Roles of Patronage, Corporate Gain Are Underestimated in Fight against Corruption
BYLINE: Hishaam Mohamed
Great strides have been made in managing and preventing public sector graft.
The Department of Justice and Constitutional Development has, among its primary objectives, combating, preventing and mitigating risk in relation to the resources and responsibilities we manage on behalf of the citizens of our province and country.
We continue to find ways to integrate our anti-corruption policy with our risk management profile and to ensure a collaborative onslaught against corruption and bad practices that rob our people of a deserved service excellence.
We recognise that the value system underpinning the public sector needs to be corruption resistance, as corruption impedes the capacity of the government to deliver justice services to our customers.
Corruption is almost universally defined as "abuse of public office for private gain". The difficulty is that such definitions ignore and downplay the role of patronage, and underestimate the extent to which corporate gain motivates acts of corruption.
Concerted state intervention is needed to redress the legacy of apartheid. The use of the state to redirect accumulation processes and to ensure redress of historical imbalances heightens the risk of corruption. Thus, there is a demand for high levels of integrity, to prevent empowerment strategies from being compromised by patronage and personal enrichment.
Corruption drains state resources and weakens capacity to meet the needs of its people. It hampers the state's ability to create opportunities for advancement and growth. Our new democratic government has, in recent years, introduced a number of measures to fight corruption and bring to justice those who engage in corrupt activities.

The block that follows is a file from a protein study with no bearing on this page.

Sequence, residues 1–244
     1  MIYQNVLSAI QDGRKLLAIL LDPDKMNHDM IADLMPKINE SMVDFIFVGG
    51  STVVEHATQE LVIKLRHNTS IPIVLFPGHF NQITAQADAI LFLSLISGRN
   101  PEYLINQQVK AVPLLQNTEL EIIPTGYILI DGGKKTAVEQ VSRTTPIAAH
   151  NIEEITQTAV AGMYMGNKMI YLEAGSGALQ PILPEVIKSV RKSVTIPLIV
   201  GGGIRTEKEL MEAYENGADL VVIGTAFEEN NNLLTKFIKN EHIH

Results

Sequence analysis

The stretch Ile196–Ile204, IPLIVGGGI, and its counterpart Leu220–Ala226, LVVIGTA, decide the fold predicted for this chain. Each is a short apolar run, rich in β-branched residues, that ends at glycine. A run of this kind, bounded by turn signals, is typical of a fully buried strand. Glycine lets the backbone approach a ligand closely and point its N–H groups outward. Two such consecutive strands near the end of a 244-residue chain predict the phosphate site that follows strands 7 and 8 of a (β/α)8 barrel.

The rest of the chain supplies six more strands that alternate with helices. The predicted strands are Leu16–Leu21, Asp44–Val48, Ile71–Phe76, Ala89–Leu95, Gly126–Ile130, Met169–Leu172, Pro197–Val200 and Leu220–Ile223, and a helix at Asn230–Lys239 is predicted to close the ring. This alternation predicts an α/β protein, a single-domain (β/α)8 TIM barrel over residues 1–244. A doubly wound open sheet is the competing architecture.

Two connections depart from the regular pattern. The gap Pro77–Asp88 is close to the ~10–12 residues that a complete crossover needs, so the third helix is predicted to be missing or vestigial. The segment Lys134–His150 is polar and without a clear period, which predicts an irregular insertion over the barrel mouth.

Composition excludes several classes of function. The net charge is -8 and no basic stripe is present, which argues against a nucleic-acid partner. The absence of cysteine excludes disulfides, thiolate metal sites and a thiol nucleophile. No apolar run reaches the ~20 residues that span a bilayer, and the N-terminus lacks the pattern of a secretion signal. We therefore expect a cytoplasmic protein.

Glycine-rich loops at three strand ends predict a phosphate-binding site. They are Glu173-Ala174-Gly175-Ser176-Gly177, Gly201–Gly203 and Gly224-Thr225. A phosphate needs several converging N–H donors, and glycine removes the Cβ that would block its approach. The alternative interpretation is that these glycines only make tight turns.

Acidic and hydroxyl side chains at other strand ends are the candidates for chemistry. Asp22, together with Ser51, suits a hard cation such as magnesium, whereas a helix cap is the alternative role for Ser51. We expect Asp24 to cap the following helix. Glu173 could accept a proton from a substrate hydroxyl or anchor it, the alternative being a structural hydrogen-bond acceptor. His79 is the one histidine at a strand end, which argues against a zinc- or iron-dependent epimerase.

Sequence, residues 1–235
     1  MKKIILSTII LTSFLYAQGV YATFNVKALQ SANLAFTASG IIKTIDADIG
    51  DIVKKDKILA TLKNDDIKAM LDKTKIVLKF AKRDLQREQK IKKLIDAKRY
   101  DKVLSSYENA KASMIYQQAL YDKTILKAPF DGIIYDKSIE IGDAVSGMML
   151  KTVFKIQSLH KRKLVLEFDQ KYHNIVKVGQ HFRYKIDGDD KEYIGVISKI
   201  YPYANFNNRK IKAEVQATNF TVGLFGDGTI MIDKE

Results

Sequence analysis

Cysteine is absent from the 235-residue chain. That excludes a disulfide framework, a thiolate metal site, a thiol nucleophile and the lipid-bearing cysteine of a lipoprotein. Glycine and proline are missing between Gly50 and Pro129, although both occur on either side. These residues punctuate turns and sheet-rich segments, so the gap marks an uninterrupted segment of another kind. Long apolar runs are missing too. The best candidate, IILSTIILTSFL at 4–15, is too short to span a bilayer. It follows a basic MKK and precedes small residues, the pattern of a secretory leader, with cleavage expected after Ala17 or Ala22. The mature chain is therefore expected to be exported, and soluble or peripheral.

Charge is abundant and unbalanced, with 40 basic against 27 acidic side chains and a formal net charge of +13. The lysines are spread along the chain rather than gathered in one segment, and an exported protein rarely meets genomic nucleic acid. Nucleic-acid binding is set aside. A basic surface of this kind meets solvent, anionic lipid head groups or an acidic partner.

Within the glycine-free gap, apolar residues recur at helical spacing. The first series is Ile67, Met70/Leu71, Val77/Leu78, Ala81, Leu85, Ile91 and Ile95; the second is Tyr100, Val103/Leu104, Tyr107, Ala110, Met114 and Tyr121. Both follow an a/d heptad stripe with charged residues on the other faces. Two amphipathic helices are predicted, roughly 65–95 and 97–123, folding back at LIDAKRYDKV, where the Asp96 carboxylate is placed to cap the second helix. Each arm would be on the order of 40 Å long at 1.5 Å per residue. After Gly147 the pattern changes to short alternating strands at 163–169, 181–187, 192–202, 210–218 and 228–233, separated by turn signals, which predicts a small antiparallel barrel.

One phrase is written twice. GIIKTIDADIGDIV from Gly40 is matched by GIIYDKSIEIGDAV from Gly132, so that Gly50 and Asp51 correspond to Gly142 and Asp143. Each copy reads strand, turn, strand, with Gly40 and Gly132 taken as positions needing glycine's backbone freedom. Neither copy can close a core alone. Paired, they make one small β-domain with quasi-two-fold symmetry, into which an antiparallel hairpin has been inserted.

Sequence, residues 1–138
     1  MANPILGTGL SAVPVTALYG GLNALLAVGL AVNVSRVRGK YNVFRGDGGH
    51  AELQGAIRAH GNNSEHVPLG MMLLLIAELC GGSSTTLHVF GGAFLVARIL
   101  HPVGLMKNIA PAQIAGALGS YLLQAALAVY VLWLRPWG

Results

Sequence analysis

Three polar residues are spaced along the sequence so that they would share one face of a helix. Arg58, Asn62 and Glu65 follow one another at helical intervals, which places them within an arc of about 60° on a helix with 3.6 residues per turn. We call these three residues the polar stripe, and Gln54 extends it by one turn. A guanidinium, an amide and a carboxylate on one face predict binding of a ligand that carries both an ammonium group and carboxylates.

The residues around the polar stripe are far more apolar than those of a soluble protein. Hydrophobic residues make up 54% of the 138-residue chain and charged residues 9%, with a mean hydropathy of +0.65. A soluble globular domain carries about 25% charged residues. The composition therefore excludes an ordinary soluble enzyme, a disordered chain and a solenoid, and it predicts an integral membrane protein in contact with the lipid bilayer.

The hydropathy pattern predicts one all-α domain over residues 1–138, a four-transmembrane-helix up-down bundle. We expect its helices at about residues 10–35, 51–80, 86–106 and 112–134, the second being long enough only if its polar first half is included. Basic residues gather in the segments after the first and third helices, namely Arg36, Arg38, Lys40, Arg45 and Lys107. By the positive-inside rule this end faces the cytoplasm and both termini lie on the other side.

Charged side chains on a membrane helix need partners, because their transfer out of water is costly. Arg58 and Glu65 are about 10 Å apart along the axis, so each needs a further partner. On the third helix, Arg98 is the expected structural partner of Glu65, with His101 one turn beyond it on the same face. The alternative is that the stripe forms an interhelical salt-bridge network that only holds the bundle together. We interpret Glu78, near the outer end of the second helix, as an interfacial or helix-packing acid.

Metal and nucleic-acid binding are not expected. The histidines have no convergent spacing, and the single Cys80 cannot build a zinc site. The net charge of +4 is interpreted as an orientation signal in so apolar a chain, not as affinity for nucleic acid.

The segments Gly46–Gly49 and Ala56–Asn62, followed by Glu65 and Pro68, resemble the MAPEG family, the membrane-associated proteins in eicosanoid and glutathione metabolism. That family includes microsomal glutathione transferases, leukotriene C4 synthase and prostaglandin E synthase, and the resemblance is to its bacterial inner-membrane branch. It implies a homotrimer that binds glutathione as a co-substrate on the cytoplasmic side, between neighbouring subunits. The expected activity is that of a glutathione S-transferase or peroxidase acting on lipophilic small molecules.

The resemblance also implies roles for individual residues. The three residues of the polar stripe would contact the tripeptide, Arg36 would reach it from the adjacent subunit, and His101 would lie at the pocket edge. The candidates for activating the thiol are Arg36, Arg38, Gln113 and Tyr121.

The 2004 Anti-Corruption Conference highlighted the need to raise public awareness about corruption. Sixteen resolutions were passed, with the main focus on the National Anti-Corruption Strategy, community understanding, stakeholder commitment and the participation of civil society in fighting corruption.
At the national conferences, a number of resolutions were passed on oversight, accountability, whistle-blowing, co-ordination and the challenges of dealing with corruption. The following actions were initiated by government:
l We have implemented stringent screening mechanisms for all Department of Justice employees and have deployed draft legislation to regulate post-public sector employment of possible corrupt individuals.
l Accredited ethics officers have been appointed to ensure all departments have adequate capacity to fight corruption. Programmes for anti-corruption practitioners, including staff and prosecutors, have been implemented.
l A major achievement has been the expansion of our legislative framework. …